Hyo Jin Moon
August 19, 2007 7:00 am
Here are my notes from Hyo Jin nim's speech Sunday 19 August 2007. My ability to convey what was actually said is limited. These, at most, convey some sense of what Hyo Jin nim said and are not a verbatim record. Hyo Jin nim's website is: www.canaanstation.com/ To see two of the projects that Hyo Jin nim is working on log on to: definingmoment.tv/ and definingmoment.eu/
Rev. Andrew Compton is the MC. All welcome Hyo Jin nim and Yeon Ah nim and offer a standing bow.
Hyo Jin nim bows to the audience as he approaches the stage.
Good morning (Good morning)
Another day of the grind, just another day.
Today's topic is "Quality of Life."
Can you give me some idea of what you think quality of life is to you? (No response)
Oh you have no quality of life; that's terrible! (Laughing) OK.
I was watching TV the other day and there was a documentary about conservationism. I guess they summoned some economist and a geologist to estimate what it would cost for the clean water and clean air that we take for granted that nature gives us for free.
There summation was that humanity would have to cough-up annually about thirty trillion dollars for something that we take for granted. Because when we spoil something, based on that kind of logic.
Obviously something is trying to provide us with quality of life, even with the fundamental stuff, just your sustenance, the vital stuff that keeps your body working.
So from there, what are you chasing? What is the quality of life?
Let's say that you're locked up in a prison in a six foot by eight foot cell. It's much better for you to try to somehow get into a work program that you volunteer for. Let's say that you wash thousands of dishes every day; they'll pay you about two dollars a day. Because, based on legality, if they don't pay you, it's slave labor. So you get paid about two dollars a day for doing that kind of stuff, washing toilets or mopping the floor, washing dishes, that kind of basic stuff. The most that you can get is about ten dollars per day being a nurse's aid or doing some clerical work for the bureaucrats.
But at least that's better than being locked up twenty-three hours per day in a six foot by eight foot cell because you have a purpose. When you have a purpose to life, the quality of life changes.
And where you find purpose, it's up to you. You can complain. I mean people complain when they're locked up. "I'm innocent!" Everybody's innocent right? "I shouldn't be here!" (In prison) If you choose to do that (find a purpose) your life can change; the quality of life can change, because you know that you're going to be stuck in there (prison) for X amount of time, because you know what you did wrong and your sentence.
The funny thing about jail is that if you're not sentenced, you don't even get paid. For instance, like if you're in jail for contempt of court, you don't get paid. But it's better to do something than not. That determines, when you're in that kind of miserable situation, even in the worst hell hole; that's hell on earth, living in places like that, if you have something, if you have some meaning, some purpose, it can change the quality of life, because you're going to do it whether you like it or not. You have no choice.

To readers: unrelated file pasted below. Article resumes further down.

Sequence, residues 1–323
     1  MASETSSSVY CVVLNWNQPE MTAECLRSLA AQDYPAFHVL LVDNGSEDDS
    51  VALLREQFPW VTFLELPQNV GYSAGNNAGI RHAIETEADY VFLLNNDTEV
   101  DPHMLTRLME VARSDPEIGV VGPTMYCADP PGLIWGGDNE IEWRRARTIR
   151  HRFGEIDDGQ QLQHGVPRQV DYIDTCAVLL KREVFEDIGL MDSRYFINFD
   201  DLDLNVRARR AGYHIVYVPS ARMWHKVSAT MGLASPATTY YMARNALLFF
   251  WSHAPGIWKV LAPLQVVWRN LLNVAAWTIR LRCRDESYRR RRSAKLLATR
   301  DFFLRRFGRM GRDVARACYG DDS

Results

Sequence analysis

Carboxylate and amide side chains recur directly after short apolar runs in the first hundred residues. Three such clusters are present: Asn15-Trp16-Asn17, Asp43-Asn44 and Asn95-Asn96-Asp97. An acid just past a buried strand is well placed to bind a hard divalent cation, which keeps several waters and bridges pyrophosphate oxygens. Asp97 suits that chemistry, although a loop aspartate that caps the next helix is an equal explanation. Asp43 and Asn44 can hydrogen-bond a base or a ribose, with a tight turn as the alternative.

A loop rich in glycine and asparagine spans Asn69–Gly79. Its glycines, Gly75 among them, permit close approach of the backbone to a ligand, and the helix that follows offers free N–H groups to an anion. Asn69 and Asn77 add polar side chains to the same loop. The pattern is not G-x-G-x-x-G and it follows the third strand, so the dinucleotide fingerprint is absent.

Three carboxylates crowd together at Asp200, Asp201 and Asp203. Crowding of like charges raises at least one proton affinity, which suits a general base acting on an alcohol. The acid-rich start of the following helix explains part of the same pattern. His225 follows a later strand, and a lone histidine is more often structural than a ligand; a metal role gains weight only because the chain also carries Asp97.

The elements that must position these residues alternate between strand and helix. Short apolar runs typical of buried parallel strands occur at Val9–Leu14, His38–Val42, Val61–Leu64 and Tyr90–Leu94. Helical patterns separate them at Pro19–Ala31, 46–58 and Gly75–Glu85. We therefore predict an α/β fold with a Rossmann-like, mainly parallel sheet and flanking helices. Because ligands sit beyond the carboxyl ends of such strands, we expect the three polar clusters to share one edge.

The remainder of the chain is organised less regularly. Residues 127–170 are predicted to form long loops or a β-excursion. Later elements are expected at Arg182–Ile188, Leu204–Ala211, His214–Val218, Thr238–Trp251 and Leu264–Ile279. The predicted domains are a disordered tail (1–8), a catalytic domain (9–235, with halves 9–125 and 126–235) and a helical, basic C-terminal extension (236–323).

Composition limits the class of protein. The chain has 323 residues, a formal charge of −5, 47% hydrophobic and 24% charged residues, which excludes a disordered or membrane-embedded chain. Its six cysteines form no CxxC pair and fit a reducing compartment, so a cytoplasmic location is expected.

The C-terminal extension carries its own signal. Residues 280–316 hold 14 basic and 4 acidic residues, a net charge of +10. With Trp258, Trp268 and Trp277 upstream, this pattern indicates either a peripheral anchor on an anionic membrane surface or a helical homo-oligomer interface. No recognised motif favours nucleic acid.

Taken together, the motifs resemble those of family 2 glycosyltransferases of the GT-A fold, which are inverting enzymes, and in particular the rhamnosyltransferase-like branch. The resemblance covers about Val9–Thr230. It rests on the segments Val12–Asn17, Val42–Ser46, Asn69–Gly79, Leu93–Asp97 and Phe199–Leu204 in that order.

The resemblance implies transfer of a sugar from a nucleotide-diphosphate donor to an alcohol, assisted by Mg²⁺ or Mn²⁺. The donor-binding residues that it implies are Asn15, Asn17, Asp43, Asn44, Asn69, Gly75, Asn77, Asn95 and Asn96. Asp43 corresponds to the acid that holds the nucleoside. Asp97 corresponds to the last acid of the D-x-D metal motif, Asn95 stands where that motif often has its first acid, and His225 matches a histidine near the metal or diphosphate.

The next thing that I believe that is important... I took my kids down to Boston for a week. Because when I was young, all the entertainment that I had was just reading books. Because in Korea (at that time) TV came on at five o'clock in the afternoon and went off at midnight, because right after the war Korea was poor and couldn't afford to broadcast stuff and spend so much energy and therefore money to have twenty-four-hour programming. What you got was just one cartoon every week. (Laughs) I really looked forward to that.
What are you going to do? You read books. That's why I hate reading books, (laughter) because I read too many books when I was little. I read the same book over, and over, and over, again. In those fantasy books and stuff, all sorts of little story books, they depict something beautiful. It kind of sticks to you, something beautiful, because we all want something beautiful, something more, when they depict something like a beautiful beach, let's say I'm reading a Pirate book or something.
Of course you don't have the kind of white sandy beaches like you find in the Caribbean in Korea. Just going there; there're some beaches with very course sand. When Father took a bunch of leaders to a place like Kang-Nung on the East coast of Korea and He took me with him, and that memory, I still have it and it's still wonderful to me. So because of that it doesn't matter what happens... what the current situation might be, that's the quality of life for me, when it comes to. based on the memory of Father and me. That's it.
And the more that you have it the better right? The clock ticks forward; it doesn't tick backwards. It's done; it's history; it's a memory. Whatever you do. and moving on.
To me the greatest thing that can define the quality of life for me is how much love do I have, how much love can I give and how much love can I get. That is the ultimate thing that will determine the quality of life for me. So you ask yourself how much you can give; are you being loved by others. How much.. God will judge you in the end. The thing is don't waste time judging each other about that kind of silly stuff, but focus on what you can do.